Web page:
Journalism in the Public Interest

Courts Fault Feds, SEC for Going Easy on Banks

3 pm: This post has been updated.

When big banks have announced settlements with the Securities and Exchange Commission, we’ve put those agreed-upon fines into perspective, and have often found that even millions of dollars in fines aren’t too hard for these big financial firms to shell out.

Judges, increasingly, seem to agree. This week, a federal judge even called a $298 million settlement between U.S. prosecutors and Barclays—the U.K.’s second largest bank—“a sweetheart deal,” asking prosecutors, “Why isn’t the government getting tough with the banks?”

Barclays was accused of altering financial records to hide that it was breaking U.S. sanctions in trades with Iran, Cuba, Sudan, Libya and Burma from 1995 through 2006. Its deal with the Justice Department would help it avoid prosecution, according to The Wall Street Journal, but the judge has ordered that the lawyers return to court today to address his concerns about the settlement’s leniency.

A federal lawyer argued on Tuesday that the settlement is “in excess of what the company earned” when it processed the trades from the sanctioned countries, Bloomberg reported; Barclays declined to comment.

Earlier this week, another federal judge rejected a $75 million settlement between Citigroup and the SEC.

Citigroup was accused of hiding its exposure to more than $40 billion in subprime CDOs. As we’ve noted, under its agreement with the SEC, it would’ve paid a $1 fine for every $500 worth of hidden exposure. The judge demanded additional information from both parties and scheduled another hearing in September, reported The Washington Post.

Last year, a judge also took issue with a $33 million SEC settlement with Bank of America over the bank’s disclosure of bonuses paid to Merrill Lynch employees before Merrill was taken over by BofA. The judge grudgingly approved the settlement when it was quintupled to $150 million, but still called it “half-baked justice at best,” reported The New York Times.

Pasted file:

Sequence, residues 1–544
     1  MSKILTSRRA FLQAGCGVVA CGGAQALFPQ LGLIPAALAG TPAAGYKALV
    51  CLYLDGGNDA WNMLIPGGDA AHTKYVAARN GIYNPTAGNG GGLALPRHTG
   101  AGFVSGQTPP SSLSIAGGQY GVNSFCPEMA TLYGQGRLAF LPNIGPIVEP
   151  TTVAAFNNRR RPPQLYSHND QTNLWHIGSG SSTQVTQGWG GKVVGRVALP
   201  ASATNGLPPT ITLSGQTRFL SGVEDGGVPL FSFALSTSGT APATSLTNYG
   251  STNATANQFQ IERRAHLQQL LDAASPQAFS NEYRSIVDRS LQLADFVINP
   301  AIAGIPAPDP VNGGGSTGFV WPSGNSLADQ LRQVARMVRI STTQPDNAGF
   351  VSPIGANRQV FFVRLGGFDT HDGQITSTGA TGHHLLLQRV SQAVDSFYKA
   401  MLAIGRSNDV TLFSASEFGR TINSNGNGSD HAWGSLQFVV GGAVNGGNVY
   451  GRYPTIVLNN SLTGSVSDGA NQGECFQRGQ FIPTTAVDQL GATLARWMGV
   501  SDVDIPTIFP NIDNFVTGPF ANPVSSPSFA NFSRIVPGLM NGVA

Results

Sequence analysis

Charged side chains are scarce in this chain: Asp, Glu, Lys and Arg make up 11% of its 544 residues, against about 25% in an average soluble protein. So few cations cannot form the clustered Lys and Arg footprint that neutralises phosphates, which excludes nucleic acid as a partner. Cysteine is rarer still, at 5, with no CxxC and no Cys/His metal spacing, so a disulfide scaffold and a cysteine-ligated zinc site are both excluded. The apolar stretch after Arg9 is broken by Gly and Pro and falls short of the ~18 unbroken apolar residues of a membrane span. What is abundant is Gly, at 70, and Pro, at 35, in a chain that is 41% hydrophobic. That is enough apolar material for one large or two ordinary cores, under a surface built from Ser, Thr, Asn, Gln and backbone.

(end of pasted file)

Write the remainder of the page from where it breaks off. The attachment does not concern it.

Update, 7/18: In today's hearing, the judge approved the $298-million settlement between Barclays and the Justice Department. Despite approving the settlement, U.S. District Court Judge Emmet G. Sullivan continued with his criticism, reported the Journal: "It's proceedings like these that raise concerns in the public's mind about fairness and justice."

Erich Riesenberg

Aug. 19, 2010, 6:29 a.m.

A distinction needs to be made as to who profited from the crime and who pays the fine.

When Citi lied to its own investors, enticing them to pay inflated prices for its stock, and then Citi pays the fine, which means shareholders pay the fine, it is not fair.  Citi exec’s should pay the fines.

When Goldman lied to a customer, and shareholders profited from that, it makes sense for the company to pay the fine, though the humans inside the company should be punished also.

The bottom line is the people who do the things need to be punished, because corporations are not people, in the real world, outside of the walls of the US Supreme Court.

Douglas Greenberg

Aug. 22, 2010, 11 a.m.

From a deterrence standpoint, I couldn’t agree more.  A $50M fine is woefully inadequate.  If a firm can earn $500M - $1B more each year through fraud, they’d be foolish not to do it (given the low price of getting caught).

The fines need to make sense.  They need to be high enough so that the expected benefit of engaging in fraud (risk of detection x penalty) is actually negative, not positive.

This just goes to set a precedent that the banks can buy their way out of prosecution on dealings that go against U.S. sanctions.

Apply this to the housing bailout and the banks can forgo the rules of loan modifications with little repercussion beyond financial windfalls only slightly higher than they would stand to make in doing unfair dealings. 

Without harsher punishments or fear of prosecution why would any bank fret over having to simply pay back what it gained in profits and find another scheme to run?

I think the bigger issue here is not the matter of money anymore.
The fines paid do not get back to the people they stole from. They go to the same branch of government that tries these cases.
Not to the consumers whom they have stole from.

The ONLY way to put a stop to government abuse and Corporate America is not to keep changing the amount of the fines but to change the penalties.

If I so much as not pay a 30.00 traffic ticket I lose my license, Go to jail, Pay more fines and will eventually go to prison for being habitual if I do it 3 times.
Technically it would be for the price of not paying 90.00 in fines. These people steal millions. Think about it…

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